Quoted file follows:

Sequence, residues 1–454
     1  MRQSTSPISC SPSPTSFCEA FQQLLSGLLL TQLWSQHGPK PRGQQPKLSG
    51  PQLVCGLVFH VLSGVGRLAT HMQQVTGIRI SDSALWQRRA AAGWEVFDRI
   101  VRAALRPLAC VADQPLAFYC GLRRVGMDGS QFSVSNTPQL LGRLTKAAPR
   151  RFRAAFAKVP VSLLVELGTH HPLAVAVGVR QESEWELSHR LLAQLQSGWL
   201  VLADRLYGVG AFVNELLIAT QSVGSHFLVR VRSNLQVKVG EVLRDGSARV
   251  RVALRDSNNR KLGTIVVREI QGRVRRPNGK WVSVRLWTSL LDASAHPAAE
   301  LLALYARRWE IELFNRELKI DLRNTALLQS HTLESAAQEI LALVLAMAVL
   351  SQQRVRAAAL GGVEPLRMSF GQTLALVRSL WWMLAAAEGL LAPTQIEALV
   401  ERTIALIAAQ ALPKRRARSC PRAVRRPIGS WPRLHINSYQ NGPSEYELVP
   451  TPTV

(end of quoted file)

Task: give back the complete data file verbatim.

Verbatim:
Sequence, residues 1–454
     1  MRQSTSPISC SPSPTSFCEA FQQLLSGLLL TQLWSQHGPK PRGQQPKLSG
    51  PQLVCGLVFH VLSGVGRLAT HMQQVTGIRI SDSALWQRRA AAGWEVFDRI
   101  VRAALRPLAC VADQPLAFYC GLRRVGMDGS QFSVSNTPQL LGRLTKAAPR
   151  RFRAAFAKVP VSLLVELGTH HPLAVAVGVR QESEWELSHR LLAQLQSGWL
   201  VLADRLYGVG AFVNELLIAT QSVGSHFLVR VRSNLQVKVG EVLRDGSARV
   251  RVALRDSNNR KLGTIVVREI QGRVRRPNGK WVSVRLWTSL LDASAHPAAE
   301  LLALYARRWE IELFNRELKI DLRNTALLQS HTLESAAQEI LALVLAMAVL
   351  SQQRVRAAAL GGVEPLRMSF GQTLALVRSL WWMLAAAEGL LAPTQIEALV
   401  ERTIALIAAQ ALPKRRARSC PRAVRRPIGS WPRLHINSYQ NGPSEYELVP
   451  TPTV